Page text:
Hybrid Coating Technologies and Nanotech Industries have partnered to bring polyurethanes to market without the associated hazards of diisocyanates. These hybrid non-isocyanate polyurethanes (HNIPU) can be used in highly durable polyurethane coatings. Traditional polyurethanes are made by reacting diisocyanates with polyols. Diisocyantes are well known and have well understood hazards, including irritation, lung damage, and occupational asthma (and associated anaphylaxis), and may be carcinogenic. Polyurethanes are so advantageous that they are used despite these hazards, just used with special care to protect workers and end-users. The HNIPU provides the benefits of polyurethanes without the hazards associated with traditional diisocyanates.

Professor Eugene Chen of Colorado State University is recognized for his work on condensation reactions. Condensation reactions are some of the most widely used reactions for chemical production. The catalyst developed by Professor Chen and his group improves the atom efficiency of condensation reactions, that is, it maximizes the atoms that are incorporated into the desired products. High atom efficiency minimizes waste of all kinds simply because more of the starting material becomes product. Professor Chen's group can use a variety of common biobased monomers to make polyester and acrylic polymers. One of the potential polymers is then easily depolymerized back into the starting monomer, bringing significant hope to the circular economy.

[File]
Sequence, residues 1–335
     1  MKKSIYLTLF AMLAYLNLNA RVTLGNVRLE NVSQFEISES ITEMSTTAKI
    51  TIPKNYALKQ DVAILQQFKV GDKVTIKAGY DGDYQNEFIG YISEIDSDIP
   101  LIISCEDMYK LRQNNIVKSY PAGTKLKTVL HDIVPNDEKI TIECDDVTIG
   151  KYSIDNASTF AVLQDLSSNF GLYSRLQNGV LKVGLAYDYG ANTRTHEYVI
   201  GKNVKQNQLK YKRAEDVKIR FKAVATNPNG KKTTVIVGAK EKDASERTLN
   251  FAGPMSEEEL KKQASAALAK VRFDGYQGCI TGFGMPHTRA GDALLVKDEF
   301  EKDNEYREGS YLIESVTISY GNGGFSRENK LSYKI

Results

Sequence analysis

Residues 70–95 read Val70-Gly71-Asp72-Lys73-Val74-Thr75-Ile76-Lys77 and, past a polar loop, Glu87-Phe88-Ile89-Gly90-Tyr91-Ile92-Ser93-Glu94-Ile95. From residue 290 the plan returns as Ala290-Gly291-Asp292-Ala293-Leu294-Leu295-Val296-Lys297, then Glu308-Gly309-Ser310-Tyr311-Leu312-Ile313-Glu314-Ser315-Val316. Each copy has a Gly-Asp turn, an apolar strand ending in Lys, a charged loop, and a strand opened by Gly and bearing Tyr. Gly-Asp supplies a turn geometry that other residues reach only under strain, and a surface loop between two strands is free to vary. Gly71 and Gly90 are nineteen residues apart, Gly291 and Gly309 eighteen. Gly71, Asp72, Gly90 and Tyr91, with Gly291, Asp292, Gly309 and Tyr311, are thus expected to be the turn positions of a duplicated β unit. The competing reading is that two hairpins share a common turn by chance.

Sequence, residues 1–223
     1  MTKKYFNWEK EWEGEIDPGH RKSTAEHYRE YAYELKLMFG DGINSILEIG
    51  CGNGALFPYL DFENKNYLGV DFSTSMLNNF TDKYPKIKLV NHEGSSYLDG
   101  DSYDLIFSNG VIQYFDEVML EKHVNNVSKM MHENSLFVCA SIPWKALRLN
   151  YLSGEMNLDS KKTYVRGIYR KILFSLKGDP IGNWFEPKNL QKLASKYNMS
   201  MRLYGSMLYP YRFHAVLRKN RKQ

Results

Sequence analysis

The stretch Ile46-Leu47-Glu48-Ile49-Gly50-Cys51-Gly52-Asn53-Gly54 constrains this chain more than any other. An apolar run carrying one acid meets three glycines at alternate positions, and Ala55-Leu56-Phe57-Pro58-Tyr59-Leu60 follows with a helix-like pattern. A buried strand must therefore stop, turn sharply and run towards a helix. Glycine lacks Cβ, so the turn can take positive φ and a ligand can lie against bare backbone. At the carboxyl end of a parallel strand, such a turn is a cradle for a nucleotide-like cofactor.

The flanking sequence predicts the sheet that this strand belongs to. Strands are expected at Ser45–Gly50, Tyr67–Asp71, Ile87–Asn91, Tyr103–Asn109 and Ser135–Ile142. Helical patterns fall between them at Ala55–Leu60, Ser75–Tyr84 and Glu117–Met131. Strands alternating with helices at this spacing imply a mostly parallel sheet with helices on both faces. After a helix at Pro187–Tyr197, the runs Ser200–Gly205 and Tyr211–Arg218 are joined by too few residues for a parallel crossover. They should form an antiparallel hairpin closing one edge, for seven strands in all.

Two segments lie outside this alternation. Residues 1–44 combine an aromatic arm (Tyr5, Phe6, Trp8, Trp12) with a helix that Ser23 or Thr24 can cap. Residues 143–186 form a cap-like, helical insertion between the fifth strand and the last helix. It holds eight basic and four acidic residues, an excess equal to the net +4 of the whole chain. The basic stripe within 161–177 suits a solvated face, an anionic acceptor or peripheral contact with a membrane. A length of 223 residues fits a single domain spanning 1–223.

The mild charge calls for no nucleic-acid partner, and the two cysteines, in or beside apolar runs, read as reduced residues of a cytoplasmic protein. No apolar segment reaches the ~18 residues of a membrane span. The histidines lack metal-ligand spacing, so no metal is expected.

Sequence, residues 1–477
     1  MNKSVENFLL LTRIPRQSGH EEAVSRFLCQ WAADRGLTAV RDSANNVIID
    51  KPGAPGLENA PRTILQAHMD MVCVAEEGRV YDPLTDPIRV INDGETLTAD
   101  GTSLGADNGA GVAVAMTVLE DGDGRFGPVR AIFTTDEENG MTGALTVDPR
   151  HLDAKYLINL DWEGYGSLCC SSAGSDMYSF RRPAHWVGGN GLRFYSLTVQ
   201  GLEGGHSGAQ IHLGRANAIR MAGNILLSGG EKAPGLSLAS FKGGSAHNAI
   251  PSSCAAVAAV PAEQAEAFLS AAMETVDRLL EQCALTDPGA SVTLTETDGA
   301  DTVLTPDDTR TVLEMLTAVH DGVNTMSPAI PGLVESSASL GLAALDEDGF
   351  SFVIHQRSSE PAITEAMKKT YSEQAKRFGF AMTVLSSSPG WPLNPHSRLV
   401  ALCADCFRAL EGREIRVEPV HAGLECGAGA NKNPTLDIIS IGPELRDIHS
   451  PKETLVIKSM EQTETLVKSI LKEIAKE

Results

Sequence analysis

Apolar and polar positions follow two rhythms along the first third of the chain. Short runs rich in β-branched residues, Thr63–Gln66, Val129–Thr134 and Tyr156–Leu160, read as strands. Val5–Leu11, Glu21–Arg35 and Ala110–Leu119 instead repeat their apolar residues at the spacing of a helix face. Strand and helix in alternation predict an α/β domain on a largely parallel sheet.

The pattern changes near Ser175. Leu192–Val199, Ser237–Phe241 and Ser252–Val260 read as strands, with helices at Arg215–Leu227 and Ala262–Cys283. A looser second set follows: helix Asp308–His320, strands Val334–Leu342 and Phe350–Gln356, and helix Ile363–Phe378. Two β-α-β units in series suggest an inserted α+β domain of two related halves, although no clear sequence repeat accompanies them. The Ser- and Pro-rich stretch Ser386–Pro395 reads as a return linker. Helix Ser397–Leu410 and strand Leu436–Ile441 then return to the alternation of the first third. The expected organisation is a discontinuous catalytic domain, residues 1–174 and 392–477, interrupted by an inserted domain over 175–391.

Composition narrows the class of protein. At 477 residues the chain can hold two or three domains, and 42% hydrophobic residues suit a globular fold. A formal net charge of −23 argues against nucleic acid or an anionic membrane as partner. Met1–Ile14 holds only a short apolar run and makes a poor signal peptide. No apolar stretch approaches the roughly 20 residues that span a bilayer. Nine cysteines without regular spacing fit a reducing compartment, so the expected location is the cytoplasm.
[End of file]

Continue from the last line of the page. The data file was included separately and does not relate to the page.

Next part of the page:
Notable in many of these and other recent PGCCAs is that the technologies rely on waste or biomass, rather than non-renewable resources. This reflects the growing success and maturity of companies that rely on renewable materials to make an increasingly diverse set of products.

The Presidential Green Chemistry Challenge has recognized over 100 technologies since its inception in 1996, and each year all of the winning technologies have reduced the use of hazardous chemicals and solvents by over 800 million pounds, saved 21 billion gallons of water, and prevented 7.8 billion pounds of carbon dioxide equivalents from being released into the air.